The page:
But Democrats have said the Republican descriptions inaccurately characterize their position. They said the White House's insistence on excluding people charged or convicted of crimes, even nonviolent drug offenses, would give the White House almost limitless power to detain people and make existing rules irrelevant.

"How the government deals with ICE is a very important issue," Lowey said. "And that's why the beds are so critical to this negotiation. Period."

Trump has readied a plan to declare a national emergency on the southern border, which he believes will allow him to redirect taxpayer money from other projects to build parts of a wall - without approval from Congress.

The Monday afternoon meeting came at a pivotal time. Trump traveled to El Paso, Texas, for a rally Monday evening, and he was expected to restate his case for tougher immigration rules. Republicans in Congress have tried to avoid Trump's hard-line rhetoric during negotiations, but his support is crucial for a final deal.

The president on Monday attacked Democrats on Twitter, saying Democrats are trying to create new protections for undocumented immigrants with criminal records.

"The Democrats do not want us to detain, or send back, criminal aliens! This is a brand new demand. Crazy!" he wrote.

Unlike in the fight over billions in funding for a border wall, which a majority of Americans oppose, Republicans say they are on strong political ground if the debate becomes focused on whether ICE has free rein to detain convicted or suspected criminals.

"The wall is unpopular. Enforcing the law is popular," said Michael Steel, a GOP strategist and former top House aide. "This is particularly difficult terrain for Democrats to fight on. I think that most people want the laws enforced, and they expect that if illegal immigrants break the law, that they will be detained."

A partial shutdown could have a broad impact on the country. Funding lapses would go beyond the Department of Homeland Security to hit a number of other federal departments, including the Housing and Urban Development, Treasury, Agriculture and Interior departments, the Environmental Protection Agency, and the Internal Revenue Service.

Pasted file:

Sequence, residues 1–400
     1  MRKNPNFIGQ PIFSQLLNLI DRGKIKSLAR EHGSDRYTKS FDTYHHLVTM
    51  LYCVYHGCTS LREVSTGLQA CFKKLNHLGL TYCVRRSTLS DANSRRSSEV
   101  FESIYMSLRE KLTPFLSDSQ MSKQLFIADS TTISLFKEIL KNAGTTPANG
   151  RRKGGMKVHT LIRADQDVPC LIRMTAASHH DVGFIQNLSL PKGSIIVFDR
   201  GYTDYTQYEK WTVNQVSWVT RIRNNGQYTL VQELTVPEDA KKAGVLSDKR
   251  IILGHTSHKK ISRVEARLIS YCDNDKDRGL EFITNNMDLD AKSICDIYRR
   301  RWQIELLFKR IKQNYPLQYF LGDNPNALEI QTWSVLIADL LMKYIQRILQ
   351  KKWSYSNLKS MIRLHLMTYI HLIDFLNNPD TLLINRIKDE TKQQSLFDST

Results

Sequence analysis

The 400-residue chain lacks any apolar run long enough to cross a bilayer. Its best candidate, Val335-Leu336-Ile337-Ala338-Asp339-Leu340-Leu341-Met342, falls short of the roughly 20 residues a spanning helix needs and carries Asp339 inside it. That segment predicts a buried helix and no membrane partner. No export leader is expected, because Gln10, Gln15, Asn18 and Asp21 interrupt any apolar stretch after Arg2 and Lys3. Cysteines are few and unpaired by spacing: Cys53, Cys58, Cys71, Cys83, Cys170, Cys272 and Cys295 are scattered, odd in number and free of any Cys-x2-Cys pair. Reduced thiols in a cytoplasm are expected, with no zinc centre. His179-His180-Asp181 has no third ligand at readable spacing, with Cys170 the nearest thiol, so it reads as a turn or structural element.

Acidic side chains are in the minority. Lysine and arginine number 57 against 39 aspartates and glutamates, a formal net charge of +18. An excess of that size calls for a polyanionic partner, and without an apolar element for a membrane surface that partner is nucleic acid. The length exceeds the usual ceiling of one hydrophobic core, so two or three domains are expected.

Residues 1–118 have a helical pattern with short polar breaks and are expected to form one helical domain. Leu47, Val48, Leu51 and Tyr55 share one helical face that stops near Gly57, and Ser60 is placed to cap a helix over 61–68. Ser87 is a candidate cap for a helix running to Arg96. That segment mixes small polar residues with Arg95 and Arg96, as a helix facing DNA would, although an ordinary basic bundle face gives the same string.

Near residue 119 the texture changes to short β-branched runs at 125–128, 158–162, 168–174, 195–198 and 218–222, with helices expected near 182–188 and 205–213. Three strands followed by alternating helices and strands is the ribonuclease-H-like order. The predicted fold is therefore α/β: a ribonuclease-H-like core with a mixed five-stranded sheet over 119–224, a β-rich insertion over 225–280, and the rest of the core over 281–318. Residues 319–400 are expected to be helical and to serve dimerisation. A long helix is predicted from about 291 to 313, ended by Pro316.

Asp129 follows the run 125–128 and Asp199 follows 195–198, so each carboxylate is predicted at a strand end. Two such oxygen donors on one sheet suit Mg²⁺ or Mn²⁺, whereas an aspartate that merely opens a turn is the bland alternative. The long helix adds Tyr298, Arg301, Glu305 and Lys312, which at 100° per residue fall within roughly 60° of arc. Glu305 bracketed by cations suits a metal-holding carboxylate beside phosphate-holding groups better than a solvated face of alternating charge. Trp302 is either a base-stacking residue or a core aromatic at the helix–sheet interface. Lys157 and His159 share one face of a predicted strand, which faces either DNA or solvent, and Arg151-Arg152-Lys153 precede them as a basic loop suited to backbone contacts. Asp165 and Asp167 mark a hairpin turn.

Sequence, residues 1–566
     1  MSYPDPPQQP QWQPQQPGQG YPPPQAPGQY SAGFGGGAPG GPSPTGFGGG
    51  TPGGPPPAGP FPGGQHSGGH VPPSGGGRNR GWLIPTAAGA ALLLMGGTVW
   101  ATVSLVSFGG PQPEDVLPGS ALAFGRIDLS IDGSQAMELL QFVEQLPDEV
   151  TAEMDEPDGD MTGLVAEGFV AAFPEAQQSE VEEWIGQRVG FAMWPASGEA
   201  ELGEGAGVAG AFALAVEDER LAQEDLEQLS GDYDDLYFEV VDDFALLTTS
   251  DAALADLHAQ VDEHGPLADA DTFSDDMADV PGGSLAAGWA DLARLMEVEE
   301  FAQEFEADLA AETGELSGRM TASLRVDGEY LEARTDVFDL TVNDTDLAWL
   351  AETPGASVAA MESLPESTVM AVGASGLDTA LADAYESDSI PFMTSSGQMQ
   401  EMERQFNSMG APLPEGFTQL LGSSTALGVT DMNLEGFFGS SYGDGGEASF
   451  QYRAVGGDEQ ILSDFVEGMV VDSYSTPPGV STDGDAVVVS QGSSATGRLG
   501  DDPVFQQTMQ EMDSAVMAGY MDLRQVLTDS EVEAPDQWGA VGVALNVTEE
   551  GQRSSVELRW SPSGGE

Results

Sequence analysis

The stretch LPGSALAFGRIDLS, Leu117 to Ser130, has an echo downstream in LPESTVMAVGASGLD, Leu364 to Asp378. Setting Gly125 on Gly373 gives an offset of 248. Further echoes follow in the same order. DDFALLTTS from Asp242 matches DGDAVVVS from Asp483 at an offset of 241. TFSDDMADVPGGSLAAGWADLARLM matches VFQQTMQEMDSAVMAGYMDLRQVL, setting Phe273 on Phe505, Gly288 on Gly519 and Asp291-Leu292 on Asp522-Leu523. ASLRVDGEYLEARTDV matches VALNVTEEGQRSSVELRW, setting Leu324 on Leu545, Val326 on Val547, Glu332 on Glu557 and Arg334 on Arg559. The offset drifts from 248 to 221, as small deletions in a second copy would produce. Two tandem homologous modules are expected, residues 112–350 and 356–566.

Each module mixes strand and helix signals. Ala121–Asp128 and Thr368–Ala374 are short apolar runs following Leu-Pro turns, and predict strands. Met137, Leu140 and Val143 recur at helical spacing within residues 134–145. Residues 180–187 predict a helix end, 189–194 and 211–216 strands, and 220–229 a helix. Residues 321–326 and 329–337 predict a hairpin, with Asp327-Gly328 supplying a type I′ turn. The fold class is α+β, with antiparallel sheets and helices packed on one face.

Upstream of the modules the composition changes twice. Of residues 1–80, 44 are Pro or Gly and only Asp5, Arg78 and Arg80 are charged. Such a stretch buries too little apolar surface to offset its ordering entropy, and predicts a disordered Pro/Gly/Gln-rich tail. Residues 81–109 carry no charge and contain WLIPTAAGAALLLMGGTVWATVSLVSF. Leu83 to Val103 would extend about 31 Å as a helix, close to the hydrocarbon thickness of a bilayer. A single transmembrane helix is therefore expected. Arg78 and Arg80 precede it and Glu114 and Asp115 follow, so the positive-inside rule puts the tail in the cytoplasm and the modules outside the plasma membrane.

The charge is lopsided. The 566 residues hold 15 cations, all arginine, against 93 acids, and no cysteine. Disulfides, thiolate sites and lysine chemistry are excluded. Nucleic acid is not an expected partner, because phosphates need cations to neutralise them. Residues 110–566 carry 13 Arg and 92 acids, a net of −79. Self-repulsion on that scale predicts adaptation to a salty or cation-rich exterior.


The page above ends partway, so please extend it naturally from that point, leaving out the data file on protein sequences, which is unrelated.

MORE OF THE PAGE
During the last government shutdown, many federal employees were still ordered to work, without pay, for the duration to minimize the impact on the public.

At the beginning of talks, lawmakers looked for ways to avoid conflict over Trump's demand that $5.7 billion in taxpayer money must be used to build parts of a wall along the Mexico border. Lawmakers were discussing sums between $1.3 billion and $2 billion, far short of Trump's initial demands. The White House recently signaled to Republicans that it could accept smaller sums, because it believed it could legally reappropriate money from other accounts to build the wall. Moving money from one account to another could be challenged in court, but top White House officials have said they are prepared for legal challenges.

With lawmakers planning to continuing negotiating into the evening, they were cognizant that they didn't have much time left to broker a deal.

"I wish we could have concluded it and I'd walk and say 'Hallelujah,' but we're still having discussions," Lowey said.

This article was written by Erica Werner, Sean Sullivan and Damian Paletta, reporters for The Washington Post. The Washington Post's Seung Min Kim, Josh Dawsey and Robert Costa contributed to this report.